Teaching negotiations for the past seven years, I have heard from many people that they simply don’t like negotiating. Surveys show similarly negative attitudes about negotiations in the workplace. According to a recent Glassdoor survey, about 60% of workers do not negotiate their salary. Another survey found that about 50% of workers felt uncomfortable initiating negotiations.
Given that negotiations are essential tools in every domain of our lives, it is important to understand why many of us feel negative and even repulsed by negotiations. Here, I identify three myths we might have about negotiating and discuss what alternative perspectives we can have about it.
1. Negotiations are purely competitive.
The outcome of a negotiation typically includes dividing a pie between two parties. In other words, it is, in part, competition in which one party’s win may likely mean the other party’s loss. Competition, especially for women or individuals who have grown up in a collective culture, is seen as negative and distressful.
However, I suggest that we pay more attention to win-win processes, such as joint problem solving and collaboration, that can occur in the earlier stages of a negotiation. In an attempt to understand each other’s goals and underlying needs, negotiators often develop creative solutions that benefit both parties much more than an impasse would. For example, addressing a violent conflict between the African National Congress (ANC) and the Inkatha Freedom Party, Nelson Mandela spent a lot of time understanding the needs and challenges of the Freedom Party. In the end, Nelson motivated the party leader to join his new government di lui. Depending on what we do in it, a negotiation can be value-creating, collaborative, and creative, rather than consistently, purely haggling.
2. Talking about money is greedy.
Greed is one of the words most associated with the act of negotiating. Money topics are taboo in many societies across the globe, and thus we often feel greedy and shallow when talking and asking about money.
However, I would like to remind you that talking about money in negotiations is not necessarily a greedy and selfish act. Recently, in developing new academic programs at my institution, I initiated negotiating a fee structure. Through discussions with many stakeholders, this negotiation helped our school more effectively consider the principle of equity in our fee structure. Likewise, your negotiation on a salary, fees, or the price of a product can create great opportunities to evaluate and improve fairness issues in organizations. Of course, we must be careful not to be too narrow-focused on money itself.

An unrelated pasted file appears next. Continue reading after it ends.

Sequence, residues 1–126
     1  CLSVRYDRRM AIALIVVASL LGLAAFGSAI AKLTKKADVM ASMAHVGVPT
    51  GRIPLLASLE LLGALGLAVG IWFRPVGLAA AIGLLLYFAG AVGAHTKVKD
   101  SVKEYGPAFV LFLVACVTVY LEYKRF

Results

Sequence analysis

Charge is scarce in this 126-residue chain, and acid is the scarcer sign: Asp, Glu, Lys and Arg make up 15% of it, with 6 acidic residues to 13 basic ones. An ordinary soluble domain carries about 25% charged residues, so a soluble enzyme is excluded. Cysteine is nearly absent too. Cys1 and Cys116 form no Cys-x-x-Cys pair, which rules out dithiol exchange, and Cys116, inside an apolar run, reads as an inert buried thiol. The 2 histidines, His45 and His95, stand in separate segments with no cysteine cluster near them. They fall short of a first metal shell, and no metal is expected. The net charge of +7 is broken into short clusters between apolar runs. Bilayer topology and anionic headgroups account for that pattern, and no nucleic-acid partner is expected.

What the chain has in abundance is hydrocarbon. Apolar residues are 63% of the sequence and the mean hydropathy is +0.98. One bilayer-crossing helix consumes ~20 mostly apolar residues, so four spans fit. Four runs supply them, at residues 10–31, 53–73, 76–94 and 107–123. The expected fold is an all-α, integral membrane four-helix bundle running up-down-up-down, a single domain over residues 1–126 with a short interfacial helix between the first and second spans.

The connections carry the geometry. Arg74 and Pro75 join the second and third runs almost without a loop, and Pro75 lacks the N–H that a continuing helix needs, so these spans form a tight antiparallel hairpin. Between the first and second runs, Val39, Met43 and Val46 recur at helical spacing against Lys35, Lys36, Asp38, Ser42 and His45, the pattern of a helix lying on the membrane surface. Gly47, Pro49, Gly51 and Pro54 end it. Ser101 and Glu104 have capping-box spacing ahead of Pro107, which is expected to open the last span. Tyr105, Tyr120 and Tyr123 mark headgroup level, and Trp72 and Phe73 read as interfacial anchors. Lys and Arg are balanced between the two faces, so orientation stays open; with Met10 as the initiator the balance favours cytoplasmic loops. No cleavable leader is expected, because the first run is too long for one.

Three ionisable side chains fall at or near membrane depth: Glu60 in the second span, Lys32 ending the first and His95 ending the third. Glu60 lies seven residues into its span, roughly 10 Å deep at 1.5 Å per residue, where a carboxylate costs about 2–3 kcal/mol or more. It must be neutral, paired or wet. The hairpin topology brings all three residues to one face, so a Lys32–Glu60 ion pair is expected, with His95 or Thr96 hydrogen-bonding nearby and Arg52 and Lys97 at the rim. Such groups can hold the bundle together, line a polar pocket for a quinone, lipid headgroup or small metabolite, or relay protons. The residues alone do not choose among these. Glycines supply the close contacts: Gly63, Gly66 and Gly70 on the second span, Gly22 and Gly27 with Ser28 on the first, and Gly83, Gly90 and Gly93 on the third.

3. Great negotiators are born.
In the past, before entering academics, I used to cast serious doubt on the promises of seminars and workshops about behavioral changes, thinking, “Once I hit the age of 30, I am a fixed entity.”
But after spending a decade researching human behaviors, teaching negotiation courses, and discovering myself, I am now a big believer in change and growth, regardless of our age. Twin studies and related research have shown that more than 50% of our intelligence, personality, and behaviors can be shaped and reshaped constantly. Renowned brain scientists, such as Lara Boyd, have recently found that our brains are capable of changing throughout life.
Thus, to feel and perform better in negotiations, you can consider participating in training. Training does not have to be part of an expensive degree. You can take a short-term course, or you can grab a great book to do role-playing with your friends. The more you expose yourself to systematic tools and simulation opportunities, the more fun and meaningful learnings you will find in negotiations.
Dr. Sunny Lee is an associate professor of organizational behavior and the head of diversity at the School of Management, University College London, and will lead an interactive session on negotiation skills at The one-day MBA on Sunday 24 October 2021. Find her on LinkedIn here.